Rabbits are delicate creatures that are more prone to certain health conditions than bigger pets. It can be alarming when they start sneezing out of nowhere, but there’s always a reason. To help you find out why your beloved bunny might be sneezing so much we’ve put together an informational list.
The 6 Reasons Your Rabbit is Sneezing
1. Respiratory Infection
Bunnies are vulnerable to a bacterial infection called Pasteurella, also known as “snuffles”, which presents as a ton of sneezing and noisy breathing. Many rabbits carry the bacteria that causes it, but some are more susceptible to it than others. There are several other common signs that accompany sneezing, though, so let’s take a brief look at those.
If you suspect your bunny has Pasteurella, you should immediately take them to the vet. They’ll be able to advise you on your best course of action, which is usually antibiotics. Depending on the disease’s progression, your bunny may need antibiotics for a long period of time.
2. Dust & Allergies
Bunny noses get irritated very easily, and regular old dust can cause sneezing fits. Cleaning your rabbit’s habitat can help, as well as investing in a high-quality vacuum with a HEPA-rated filter to suck up more dust. Allergies also cause a runny nose, itchy eyes, and eye redness. Some bunnies are more sensitive than others to dust, and in some cases, just a little can trigger sneezing. Choose your bedding material carefully; substrates like wood shavings and some straw will release more particles into the air and trigger sneezing. The best way to check if the bedding material is suitable is to stir it up with your hand and see how much dust is released; if it makes you sneeze, it will do the same to your rabbit!
3. Strong Scents
Do you wear perfume, burn incense, or use strong scents in your house? Using strongly scented air fresheners around your bunnies can make them sneeze. Rabbits aren’t used to such strong odors, and it can irritate their delicate little noses.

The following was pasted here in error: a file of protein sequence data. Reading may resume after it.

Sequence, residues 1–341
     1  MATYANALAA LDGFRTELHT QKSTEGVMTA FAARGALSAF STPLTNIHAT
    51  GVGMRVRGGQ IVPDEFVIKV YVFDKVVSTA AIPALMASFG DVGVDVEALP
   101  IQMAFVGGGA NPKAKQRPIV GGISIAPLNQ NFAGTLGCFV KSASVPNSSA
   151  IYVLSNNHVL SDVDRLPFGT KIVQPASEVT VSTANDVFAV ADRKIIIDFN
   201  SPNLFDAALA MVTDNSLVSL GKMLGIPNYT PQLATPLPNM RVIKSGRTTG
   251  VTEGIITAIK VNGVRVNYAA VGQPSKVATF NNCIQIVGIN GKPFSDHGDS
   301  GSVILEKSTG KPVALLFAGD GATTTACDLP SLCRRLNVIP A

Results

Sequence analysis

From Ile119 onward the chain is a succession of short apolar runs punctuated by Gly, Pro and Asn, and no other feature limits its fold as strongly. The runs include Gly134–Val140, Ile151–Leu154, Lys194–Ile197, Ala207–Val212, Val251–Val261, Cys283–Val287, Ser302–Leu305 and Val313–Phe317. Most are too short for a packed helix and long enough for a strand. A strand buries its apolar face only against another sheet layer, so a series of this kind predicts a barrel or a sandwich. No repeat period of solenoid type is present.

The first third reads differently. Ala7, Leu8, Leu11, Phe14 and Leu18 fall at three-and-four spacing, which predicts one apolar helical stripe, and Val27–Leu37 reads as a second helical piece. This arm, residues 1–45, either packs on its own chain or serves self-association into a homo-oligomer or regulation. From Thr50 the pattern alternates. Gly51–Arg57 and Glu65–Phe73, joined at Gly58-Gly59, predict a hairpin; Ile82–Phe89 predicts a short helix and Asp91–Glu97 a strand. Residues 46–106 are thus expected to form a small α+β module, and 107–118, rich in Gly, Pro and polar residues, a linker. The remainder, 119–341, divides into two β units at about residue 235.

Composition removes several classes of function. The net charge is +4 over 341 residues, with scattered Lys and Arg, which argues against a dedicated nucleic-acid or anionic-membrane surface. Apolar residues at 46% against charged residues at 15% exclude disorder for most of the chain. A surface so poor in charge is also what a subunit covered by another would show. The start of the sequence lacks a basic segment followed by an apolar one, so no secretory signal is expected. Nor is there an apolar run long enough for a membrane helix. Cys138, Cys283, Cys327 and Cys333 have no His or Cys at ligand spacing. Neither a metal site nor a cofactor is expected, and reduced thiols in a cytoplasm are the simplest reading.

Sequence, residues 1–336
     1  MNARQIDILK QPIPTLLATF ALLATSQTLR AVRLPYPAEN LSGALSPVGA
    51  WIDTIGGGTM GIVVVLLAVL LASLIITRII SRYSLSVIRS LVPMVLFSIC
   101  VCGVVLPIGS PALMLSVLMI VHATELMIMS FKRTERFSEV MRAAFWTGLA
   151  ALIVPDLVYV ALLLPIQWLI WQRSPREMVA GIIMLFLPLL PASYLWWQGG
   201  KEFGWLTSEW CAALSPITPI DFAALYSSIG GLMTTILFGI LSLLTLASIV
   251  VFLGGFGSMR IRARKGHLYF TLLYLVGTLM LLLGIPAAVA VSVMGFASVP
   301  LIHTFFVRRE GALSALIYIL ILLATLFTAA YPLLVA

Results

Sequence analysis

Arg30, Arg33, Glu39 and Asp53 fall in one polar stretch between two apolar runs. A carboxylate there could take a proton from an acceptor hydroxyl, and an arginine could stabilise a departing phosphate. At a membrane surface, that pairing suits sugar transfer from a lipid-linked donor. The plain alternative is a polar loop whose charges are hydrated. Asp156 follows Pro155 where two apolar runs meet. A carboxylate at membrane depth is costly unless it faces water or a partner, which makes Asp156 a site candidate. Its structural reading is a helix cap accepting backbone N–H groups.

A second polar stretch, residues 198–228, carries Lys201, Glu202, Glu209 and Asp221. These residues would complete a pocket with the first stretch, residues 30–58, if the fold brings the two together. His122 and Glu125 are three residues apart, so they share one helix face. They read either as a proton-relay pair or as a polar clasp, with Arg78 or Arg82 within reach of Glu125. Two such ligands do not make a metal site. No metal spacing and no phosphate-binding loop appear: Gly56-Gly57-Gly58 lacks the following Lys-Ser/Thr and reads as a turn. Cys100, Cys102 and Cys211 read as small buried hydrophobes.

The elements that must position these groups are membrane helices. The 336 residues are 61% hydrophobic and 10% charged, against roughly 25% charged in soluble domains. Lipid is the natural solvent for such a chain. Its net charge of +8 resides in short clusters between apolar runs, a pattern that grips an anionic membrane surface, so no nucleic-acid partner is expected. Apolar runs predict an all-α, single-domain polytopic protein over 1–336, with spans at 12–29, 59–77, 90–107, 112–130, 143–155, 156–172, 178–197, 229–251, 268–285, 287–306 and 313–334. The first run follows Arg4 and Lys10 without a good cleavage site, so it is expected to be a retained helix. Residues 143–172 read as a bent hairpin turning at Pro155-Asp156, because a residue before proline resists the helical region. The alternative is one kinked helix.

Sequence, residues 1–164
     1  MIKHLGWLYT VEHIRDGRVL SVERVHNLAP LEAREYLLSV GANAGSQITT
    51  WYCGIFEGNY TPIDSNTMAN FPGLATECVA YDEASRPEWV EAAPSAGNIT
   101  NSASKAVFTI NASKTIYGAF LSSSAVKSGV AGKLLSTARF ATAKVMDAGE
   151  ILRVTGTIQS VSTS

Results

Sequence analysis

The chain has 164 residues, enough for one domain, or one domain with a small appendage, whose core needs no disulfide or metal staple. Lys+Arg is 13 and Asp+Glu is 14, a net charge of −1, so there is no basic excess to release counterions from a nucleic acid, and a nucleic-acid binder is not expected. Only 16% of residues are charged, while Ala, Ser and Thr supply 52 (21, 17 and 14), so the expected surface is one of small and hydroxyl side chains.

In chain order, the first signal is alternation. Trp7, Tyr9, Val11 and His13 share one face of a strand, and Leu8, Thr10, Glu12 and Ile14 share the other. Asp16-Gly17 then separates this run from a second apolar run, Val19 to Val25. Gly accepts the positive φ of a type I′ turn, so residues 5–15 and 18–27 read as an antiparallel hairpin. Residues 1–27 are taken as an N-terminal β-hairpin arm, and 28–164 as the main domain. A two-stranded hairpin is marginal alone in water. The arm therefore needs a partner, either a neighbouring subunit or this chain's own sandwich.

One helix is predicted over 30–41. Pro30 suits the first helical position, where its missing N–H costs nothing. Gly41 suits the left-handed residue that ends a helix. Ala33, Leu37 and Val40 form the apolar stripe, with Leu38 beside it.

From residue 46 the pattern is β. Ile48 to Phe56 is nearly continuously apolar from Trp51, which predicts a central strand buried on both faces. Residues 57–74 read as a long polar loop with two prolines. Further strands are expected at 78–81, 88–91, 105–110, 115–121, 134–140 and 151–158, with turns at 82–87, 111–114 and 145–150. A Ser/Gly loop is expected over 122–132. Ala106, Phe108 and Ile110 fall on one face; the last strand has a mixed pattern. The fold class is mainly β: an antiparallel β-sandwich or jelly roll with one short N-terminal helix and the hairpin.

In fact, very strong odors can cause most of the same symptoms as dust allergies, like red eyes. You’ll notice a distinct lack of mucus, though, which sets this apart from a full-blown illness. You might want to go easy on the scents around the house if your bunny is going to be freely roaming around, or perhaps you could try to neutralize odors with more neutral cleaning agents like baking soda.
4. Smoke & Fumes
Smoking, vaping, and even just cooking in your home can generate unpleasant fumes that bunnies don’t care for. It should go without saying, but you shouldn’t smoke or vape around bunnies. However, even cooking in an unventilated area can make smoke that’s similarly irritating. Lastly, smoke from charcoal grills or the fireplace can be harmful to your rabbit and other pets too.
5. Soiled Bedding or Litter
Rabbits are fairly clean critters, and they require clean habitats to live. Over time, their waste can create unpleasant ammonia odors that build up and can make them sneeze. You should be removing uneaten food and any soiled bedding and litter every day, with a full changeover of bedding on at least a weekly basis, depending on the size of their habitat. Owning more than one rabbit will call for more frequent upkeep, so keep that in mind to prevent your pet from sneezing due to soiled living conditions.
6. Dental Problems
Surprisingly, problems with a rabbit’s teeth or gums can cause sneezing because the nasal passages are connected to a bunny’s mouth. Older rabbits are more at risk of developing painful and inflamed molar issues. Dental issues can be hard to check for, but a dwindling appetite or excessive salivation are obvious signs.
Rabbits sneeze for a lot of reasons, from simple dust allergies to severe respiratory illness. The best way to stop your bunny from sneezing and potentially getting ill is to stay on top of regular cleaning and avoid using anything with strong odors around your house.
Featured Image Credit: Thurid_with_th, Shutterstock